When we look back on the FOMC meeting on June 19 2013, it will probably be seen as the moment when the Fed signalled that it was beginning the long and gradual exit from its programme of unconventional monetary easing. The reason for this was clear in the committee’s statement, which said that the downside risks to economic activity had diminished since last autumn, presumably because the US economy had navigated the fiscal tightening better than expected and the risks surrounding the euro had abated.
This was the smoking gun in the statement. With downside risks declining, the need for an emergency programme of monetary easing was no longer so compelling. The Fed has been the unequivocal friend of the markets for much of the time since 2009, and certainly ever since last September. That comfortable assumption no longer applies.
Fed chairman Ben Bernanke, however, went to great lengths to mitigate the hawkish overtones of this message in several respects. The asset purchase programme would be ended only when the US unemployment rate has fallen to 7 per cent, which the central bank expects to happen by mid-2014, he said. In the meantime, the pace of asset purchases could be increased as well as reduced, depending on the incoming economic data. Read more
Central bankers nowadays have the power to move the global markets by uttering nothing more than a brief, off-the-cuff remark. “Whatever it takes,” was Mario Draghi‘s version, which saved the euro last year. “In the next few meetings,” was Ben Bernanke’s equivalent last month. There will be rapt attention turned on the Fed chairman’s press conference on Wednesday to see whether he retracts that remark, which of course relates to the time when the Fed might start to slow the pace of its asset purchases.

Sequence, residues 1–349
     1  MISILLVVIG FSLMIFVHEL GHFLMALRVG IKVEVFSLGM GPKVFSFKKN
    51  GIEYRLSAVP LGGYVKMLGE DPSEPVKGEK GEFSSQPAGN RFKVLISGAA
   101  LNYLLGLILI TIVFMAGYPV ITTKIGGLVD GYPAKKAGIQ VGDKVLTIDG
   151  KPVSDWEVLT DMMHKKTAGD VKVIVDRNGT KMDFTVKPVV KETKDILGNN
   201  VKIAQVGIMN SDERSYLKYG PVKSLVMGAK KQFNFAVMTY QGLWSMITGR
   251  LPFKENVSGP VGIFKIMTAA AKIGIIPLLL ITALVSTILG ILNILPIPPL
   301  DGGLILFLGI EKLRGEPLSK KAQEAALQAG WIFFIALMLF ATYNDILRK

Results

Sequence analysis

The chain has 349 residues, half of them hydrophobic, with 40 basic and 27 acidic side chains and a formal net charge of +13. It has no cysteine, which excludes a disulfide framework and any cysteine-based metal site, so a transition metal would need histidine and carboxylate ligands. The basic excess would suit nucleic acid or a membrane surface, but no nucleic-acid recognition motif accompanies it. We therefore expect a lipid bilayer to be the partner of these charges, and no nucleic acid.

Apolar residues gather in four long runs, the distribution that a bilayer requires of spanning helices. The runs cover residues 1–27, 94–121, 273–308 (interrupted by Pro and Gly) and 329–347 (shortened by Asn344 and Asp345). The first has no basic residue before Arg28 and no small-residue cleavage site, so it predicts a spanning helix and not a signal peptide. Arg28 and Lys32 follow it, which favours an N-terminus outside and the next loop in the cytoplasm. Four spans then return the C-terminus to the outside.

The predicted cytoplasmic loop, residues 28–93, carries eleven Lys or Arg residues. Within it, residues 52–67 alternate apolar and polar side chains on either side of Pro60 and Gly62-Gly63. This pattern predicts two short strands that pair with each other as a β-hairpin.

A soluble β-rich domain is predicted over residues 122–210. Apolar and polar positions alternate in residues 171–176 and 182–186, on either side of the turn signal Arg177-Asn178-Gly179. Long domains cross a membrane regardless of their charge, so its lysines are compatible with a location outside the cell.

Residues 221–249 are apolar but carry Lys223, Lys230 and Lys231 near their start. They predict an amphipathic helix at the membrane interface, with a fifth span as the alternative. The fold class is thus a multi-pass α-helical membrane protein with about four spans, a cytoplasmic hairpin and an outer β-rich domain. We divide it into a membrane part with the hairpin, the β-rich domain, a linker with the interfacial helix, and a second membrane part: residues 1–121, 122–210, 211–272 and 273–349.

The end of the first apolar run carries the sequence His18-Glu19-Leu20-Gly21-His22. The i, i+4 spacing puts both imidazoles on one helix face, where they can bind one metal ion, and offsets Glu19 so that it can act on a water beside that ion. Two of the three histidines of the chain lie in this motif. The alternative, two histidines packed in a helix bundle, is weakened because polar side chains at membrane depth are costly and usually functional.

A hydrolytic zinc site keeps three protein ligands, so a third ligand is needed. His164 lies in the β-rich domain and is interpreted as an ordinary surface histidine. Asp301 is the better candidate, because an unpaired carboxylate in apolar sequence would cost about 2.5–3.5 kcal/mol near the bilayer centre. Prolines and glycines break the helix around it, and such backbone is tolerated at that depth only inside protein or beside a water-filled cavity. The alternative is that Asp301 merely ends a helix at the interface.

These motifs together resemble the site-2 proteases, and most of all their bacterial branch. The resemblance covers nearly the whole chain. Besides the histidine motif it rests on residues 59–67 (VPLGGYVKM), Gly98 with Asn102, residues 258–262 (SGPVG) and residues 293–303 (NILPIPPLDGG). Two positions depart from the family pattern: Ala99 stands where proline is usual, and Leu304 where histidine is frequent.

Mr Bernanke does not carelessly throw out such remarks, so it would surely be incoherent for him to withdraw it completely this week. The Fed is unlikely to have been particularly troubled by the bout of market volatility seen lately. Much of it has come in foreign markets, which are not the Fed’s responsibility. Meanwhile, in the US itself, the reversal of the “reach for yield” is precisely what the Fed has been wanting to see for several months.